I'll explain using the output from one of our PPP interfaces, which is a DSL connection:
ppp10 Link encap:Point-to-Point Protocol
inet addr:184.108.40.206 P-t-P:10.1.48.1 Mask:255.255.255.255
inet addr is our local IP address (inet indeed stands for Internet). If this isn't the case for you, there must be some NAT somewhere, or other weirdness.
P-t-P is the peer's IP address. Doesn't have to be routable (and this one isn't). The peer no doubt has multiple addresses, one of which is probably routable.
Mask is the netmask. A PPP link is a point-to-point link, so it's /32. The only thing on the other end of the link is the peer. (You may think the entire Internet is there, but it's not, you have to use the peer as a gateway.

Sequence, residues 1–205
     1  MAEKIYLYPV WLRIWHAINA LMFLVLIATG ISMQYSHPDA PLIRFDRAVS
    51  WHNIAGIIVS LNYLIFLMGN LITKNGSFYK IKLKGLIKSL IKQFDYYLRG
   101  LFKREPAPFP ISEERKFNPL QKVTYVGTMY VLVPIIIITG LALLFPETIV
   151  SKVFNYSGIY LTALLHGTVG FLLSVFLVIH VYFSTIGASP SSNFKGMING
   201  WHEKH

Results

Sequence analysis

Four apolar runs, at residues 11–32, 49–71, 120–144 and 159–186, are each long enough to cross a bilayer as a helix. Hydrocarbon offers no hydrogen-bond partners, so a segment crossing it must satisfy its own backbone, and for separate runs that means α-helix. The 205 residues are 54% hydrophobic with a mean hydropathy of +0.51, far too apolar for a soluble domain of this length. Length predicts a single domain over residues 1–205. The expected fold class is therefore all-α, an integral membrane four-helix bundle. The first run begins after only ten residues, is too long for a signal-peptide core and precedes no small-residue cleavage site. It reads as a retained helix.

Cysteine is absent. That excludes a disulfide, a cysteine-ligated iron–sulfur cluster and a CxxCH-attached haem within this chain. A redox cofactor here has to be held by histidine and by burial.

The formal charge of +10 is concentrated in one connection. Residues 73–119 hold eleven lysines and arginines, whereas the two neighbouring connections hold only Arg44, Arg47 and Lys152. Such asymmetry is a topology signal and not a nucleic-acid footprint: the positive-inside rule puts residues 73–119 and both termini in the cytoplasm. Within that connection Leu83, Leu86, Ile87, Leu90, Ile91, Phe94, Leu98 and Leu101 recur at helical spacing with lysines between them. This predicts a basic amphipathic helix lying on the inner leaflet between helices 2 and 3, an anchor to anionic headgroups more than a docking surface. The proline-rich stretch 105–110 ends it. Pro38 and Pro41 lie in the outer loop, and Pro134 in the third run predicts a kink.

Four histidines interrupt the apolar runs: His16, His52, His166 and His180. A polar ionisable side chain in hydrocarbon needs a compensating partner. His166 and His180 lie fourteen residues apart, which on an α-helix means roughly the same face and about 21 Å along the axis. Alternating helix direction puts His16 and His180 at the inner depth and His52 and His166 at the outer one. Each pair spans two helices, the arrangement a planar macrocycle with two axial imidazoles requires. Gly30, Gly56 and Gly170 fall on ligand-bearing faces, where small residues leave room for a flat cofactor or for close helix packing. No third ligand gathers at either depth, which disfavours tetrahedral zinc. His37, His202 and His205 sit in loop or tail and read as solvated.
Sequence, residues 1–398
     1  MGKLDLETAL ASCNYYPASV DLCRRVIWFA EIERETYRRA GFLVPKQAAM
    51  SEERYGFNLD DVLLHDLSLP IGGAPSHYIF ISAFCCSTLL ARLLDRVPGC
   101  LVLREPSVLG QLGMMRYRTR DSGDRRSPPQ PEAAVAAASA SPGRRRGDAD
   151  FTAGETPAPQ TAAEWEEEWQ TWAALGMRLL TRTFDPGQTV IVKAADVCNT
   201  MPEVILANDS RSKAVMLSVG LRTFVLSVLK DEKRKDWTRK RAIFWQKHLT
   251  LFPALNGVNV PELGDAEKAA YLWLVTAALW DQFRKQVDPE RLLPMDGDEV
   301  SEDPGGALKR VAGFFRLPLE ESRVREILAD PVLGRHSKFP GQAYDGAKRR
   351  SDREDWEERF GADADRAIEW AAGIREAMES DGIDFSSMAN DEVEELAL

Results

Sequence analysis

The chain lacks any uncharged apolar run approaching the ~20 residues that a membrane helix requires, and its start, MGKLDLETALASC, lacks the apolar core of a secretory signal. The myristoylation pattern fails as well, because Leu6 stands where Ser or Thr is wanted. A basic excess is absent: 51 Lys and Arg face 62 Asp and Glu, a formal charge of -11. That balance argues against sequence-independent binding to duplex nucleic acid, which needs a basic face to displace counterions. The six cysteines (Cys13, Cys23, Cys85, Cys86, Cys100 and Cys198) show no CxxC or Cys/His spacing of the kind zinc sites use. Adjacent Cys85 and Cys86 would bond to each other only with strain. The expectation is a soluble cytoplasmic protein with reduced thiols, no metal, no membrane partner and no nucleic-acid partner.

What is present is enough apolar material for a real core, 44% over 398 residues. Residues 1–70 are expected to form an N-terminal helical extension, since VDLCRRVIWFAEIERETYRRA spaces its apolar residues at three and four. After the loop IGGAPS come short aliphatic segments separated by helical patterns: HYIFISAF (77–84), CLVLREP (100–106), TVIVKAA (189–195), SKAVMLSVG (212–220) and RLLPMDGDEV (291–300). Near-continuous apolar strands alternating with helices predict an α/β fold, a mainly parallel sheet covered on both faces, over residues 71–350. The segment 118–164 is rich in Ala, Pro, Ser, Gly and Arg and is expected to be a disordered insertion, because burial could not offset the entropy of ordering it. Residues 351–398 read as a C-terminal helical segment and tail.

ip route ls will show the default route via the peer—on your system, our routing is more complicated.)
UP POINTOPOINT RUNNING NOARP MULTICAST MTU:1492 Metric:1
These are the interface flags. It's up, it's a point to point link, it's running (I'm not sure this is any different from up for ppp). It does not use arp (no surprise, it's not Ethernet). It passes multicast traffic. It has a maximum transmission "unit" of 1492 bytes (because this is PPPoE). The metric is 1, which is used by some dynamic routing protocols.
RX packets:92800 errors:0 dropped:0 overruns:0 frame:0
TX packets:93810 errors:0 dropped:0 overruns:0 carrier:0
Only interesting thing here is the RX/TX count. I suppose errors and dropped are possible, but haven't occured.
RX bytes:12597954 (12.0 MiB) TX bytes:14766512 (14.0 MiB)
And this is the total traffic that has passed over the interface since it was created (most likely,